Good as it is, The Simulacra is not a perfect work. Ultimately, the plottings of Goltz and of National Police head Wilder Pembroke are convoluted to the point of being impossible to fathom, several characters just kind of peter out (such as Israeli P.M. Emil Stark and “conapt” resident Edgar Stone), and the novel doesn’t so much wrap up neatly as abruptly come to an end. Dick could easily have kept the multiple plot threads weaving for another few hundred pages here, had he so chosen, or written a nice sequel (a common temptation for most sci-fi authors, and one to which Dick never succumbed). Still, the book is compulsively readable, often very funny, endlessly imaginative and, in all, a real hoot. It has also managed to provide me with a line that may become my new catchphrase: “How are you going to work… that into your Weltanschauung?”
Philip K. Dick is one of those authors who I often enjoy reading for his peculiar ideas, cool technologies, bizarre plots, and neurotic characters. But every time I read one of his stories, I need a break from him — there’s a feeling of frantic paranoia permeating his work that makes me feel like I just need to chill out for a while. If you’ve seen the movie The Adjustment Bureau, which was based on one of his stories, you’ll know what I mean. In that story, the main character discovers that the reality he thought he knew was totally wrong. Instead, there is something big going on behind the scenes and his life is being manipulated by The Unseen People Who Are Really In Charge (TUPWARIC).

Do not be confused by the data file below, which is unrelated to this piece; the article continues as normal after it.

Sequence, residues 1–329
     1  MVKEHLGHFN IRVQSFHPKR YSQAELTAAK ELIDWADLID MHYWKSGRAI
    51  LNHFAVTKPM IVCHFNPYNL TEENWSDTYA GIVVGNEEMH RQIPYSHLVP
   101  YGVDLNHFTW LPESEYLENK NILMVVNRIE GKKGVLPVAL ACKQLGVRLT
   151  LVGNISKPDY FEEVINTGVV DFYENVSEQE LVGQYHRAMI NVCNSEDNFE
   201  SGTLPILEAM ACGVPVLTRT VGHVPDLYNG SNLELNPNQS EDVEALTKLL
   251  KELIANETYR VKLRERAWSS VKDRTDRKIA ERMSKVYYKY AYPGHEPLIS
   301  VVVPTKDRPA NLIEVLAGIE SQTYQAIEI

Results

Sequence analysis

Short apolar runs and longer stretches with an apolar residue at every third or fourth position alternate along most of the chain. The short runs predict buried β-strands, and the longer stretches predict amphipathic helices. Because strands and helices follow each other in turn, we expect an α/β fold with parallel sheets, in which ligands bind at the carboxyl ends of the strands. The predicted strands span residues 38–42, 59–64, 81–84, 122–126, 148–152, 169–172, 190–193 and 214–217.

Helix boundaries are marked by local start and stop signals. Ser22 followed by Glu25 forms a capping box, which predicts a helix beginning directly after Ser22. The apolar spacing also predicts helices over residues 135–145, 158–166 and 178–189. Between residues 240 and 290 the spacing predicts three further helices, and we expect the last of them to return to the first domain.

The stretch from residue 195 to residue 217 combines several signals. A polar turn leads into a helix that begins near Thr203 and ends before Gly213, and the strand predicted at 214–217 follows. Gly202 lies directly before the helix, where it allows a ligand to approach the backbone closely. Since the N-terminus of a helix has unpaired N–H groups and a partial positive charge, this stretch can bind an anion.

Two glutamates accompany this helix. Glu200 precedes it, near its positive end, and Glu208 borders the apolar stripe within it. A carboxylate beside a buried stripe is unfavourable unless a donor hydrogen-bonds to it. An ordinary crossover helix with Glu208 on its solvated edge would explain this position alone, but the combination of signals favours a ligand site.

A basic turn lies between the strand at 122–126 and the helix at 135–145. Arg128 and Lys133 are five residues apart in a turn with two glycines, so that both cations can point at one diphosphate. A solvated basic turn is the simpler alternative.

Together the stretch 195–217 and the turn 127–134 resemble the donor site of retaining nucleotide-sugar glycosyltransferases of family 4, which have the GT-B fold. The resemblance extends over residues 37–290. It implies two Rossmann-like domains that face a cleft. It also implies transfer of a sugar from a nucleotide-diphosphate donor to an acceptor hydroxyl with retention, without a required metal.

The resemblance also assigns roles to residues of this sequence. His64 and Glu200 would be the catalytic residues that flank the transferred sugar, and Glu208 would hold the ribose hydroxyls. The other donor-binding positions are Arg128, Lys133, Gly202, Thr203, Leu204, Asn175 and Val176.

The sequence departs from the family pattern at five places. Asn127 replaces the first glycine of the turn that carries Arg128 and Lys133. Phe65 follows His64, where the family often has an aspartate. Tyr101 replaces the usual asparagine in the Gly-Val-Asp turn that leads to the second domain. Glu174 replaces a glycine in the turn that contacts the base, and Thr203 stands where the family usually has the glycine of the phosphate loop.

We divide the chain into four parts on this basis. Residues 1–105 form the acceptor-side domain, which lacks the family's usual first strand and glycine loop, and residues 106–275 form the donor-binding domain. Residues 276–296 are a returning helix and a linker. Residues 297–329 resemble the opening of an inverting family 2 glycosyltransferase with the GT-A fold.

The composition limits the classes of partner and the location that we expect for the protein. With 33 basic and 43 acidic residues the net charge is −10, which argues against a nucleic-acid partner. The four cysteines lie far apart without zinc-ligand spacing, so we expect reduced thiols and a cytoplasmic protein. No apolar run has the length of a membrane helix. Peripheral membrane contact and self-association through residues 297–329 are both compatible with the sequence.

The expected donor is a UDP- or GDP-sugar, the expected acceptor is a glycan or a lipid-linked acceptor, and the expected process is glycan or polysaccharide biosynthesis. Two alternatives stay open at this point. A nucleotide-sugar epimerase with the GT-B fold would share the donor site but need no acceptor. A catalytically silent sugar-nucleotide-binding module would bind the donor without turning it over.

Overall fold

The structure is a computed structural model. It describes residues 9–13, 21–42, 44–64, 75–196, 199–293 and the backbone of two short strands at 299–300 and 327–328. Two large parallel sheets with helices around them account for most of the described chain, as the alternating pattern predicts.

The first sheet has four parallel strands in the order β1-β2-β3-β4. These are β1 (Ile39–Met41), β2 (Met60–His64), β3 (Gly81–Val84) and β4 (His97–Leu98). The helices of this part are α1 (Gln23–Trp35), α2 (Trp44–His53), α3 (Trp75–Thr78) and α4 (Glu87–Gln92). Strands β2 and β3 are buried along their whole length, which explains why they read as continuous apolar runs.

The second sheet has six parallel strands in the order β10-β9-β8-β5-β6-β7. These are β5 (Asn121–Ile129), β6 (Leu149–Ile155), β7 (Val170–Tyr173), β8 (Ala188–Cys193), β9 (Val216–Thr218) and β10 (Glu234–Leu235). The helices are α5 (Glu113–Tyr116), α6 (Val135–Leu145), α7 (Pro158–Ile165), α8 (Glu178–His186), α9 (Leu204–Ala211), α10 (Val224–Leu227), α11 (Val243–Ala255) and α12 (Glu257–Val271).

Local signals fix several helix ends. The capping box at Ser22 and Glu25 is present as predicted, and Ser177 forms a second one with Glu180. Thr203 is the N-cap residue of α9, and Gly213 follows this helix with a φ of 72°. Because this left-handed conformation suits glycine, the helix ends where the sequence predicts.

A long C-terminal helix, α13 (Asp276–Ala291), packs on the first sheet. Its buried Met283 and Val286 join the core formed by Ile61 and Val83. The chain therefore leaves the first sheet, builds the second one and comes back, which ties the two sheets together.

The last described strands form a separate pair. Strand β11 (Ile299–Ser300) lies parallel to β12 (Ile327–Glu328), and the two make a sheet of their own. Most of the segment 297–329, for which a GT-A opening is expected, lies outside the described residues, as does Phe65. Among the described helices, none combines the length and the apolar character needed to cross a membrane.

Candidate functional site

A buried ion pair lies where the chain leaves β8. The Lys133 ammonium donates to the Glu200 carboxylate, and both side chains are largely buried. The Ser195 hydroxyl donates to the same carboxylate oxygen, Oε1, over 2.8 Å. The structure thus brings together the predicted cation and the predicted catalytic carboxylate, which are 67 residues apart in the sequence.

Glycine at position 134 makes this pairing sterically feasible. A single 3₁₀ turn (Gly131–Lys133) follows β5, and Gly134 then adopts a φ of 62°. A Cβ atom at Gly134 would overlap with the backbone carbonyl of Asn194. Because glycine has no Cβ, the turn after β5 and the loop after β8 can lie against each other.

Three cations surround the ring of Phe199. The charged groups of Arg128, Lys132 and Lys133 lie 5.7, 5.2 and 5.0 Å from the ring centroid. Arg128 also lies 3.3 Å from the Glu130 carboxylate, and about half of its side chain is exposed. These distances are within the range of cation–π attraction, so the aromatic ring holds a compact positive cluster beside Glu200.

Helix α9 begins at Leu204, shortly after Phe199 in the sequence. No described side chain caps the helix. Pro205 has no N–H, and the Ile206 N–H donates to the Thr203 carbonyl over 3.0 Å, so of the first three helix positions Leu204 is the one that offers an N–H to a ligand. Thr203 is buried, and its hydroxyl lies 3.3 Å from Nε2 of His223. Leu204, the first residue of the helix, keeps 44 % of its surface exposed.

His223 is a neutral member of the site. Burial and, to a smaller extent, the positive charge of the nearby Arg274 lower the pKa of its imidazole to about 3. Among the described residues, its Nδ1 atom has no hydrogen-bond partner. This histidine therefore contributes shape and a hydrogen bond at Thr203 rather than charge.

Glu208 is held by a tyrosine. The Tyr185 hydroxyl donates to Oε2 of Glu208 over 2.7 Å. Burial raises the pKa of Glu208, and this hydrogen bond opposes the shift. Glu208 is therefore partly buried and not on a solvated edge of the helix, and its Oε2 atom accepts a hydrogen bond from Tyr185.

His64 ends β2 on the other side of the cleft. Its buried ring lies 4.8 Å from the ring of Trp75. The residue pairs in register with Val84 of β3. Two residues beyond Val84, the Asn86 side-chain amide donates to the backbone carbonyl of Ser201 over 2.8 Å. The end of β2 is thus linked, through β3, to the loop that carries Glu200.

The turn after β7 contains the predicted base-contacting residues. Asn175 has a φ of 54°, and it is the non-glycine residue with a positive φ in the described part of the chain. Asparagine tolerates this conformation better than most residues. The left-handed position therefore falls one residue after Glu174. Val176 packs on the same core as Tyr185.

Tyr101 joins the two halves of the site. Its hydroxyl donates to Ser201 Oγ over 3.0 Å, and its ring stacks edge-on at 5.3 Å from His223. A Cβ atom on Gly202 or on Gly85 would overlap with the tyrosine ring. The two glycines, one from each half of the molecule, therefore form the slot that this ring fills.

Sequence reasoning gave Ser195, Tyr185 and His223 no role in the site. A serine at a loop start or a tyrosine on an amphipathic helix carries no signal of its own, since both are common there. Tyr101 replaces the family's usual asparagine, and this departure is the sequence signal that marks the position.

This theme is common in PKD’s stories, and The Simulacra is another example. The government of the United States of Europe and America, which appears to be a matriarchy, is a sham — the President is really a simulacrum. When TUPWARIC gives the contract for building the next simulacrum to a different simulacrum company, and Hermann Goering is fetched from the past with a time-travel device, problems ensue and the USEA government is in danger of being taken over by fascists.
Quirky characters include the First Lady who never seems to age, the telekinetic piano player who thinks that a commercial has given him phobic body odor and that he’s becoming invisible, the psychotherapist who has lost his job because a pharmaceutical cartel has managed to have the practice of psychotherapy banned, a couple of brothers who work for simulacra companies and are fighting over an ex-wife, and a couple of guys in a jug band who want to play for the First Lady. Then there’s the reclusive group of Neanderthals, descendents of radiation-exposed humans, who live in Northern California and seem to be waiting for something important to happen…
The Simulacra juggles a huge set of characters and several subplots which at first seem unrelated but which Dick successfully brings together into a coherent whole by the end of the novel, which is not necessarily a guarantee with PKD. The whole thing is chaotic, zany, creative, funny, and contains Dick’s usual undercurrent of frenzied paranoia. With so much weird stuff going on, I thought that a plot disaster was imminent, but Dick pulls it off. The Simulacra ends at the climax, though, and a sequel would probably have been well-received.
I listened to Brilliance Audio’s version of The Simulacra, which was read by “Golden Voice” and “Voice of the Century” Dick Hill. Mr. Hill, who is always superb, handled all of those characters and that madcap plot with ease. And you should hear him play a jug.